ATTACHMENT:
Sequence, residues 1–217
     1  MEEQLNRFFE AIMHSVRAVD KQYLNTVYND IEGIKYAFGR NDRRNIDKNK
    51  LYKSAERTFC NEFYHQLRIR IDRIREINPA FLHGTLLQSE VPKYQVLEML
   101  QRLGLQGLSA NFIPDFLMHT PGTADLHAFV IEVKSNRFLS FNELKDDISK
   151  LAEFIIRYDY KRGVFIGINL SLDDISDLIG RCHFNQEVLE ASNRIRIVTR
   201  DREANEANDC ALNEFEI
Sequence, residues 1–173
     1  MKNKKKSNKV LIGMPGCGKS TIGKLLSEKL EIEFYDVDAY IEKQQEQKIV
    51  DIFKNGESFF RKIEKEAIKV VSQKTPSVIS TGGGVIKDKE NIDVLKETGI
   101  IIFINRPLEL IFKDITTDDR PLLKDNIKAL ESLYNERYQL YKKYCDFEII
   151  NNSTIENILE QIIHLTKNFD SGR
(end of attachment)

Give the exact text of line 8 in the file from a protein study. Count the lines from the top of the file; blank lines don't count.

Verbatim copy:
     1  MKNKKKSNKV LIGMPGCGKS TIGKLLSEKL EIEFYDVDAY IEKQQEQKIV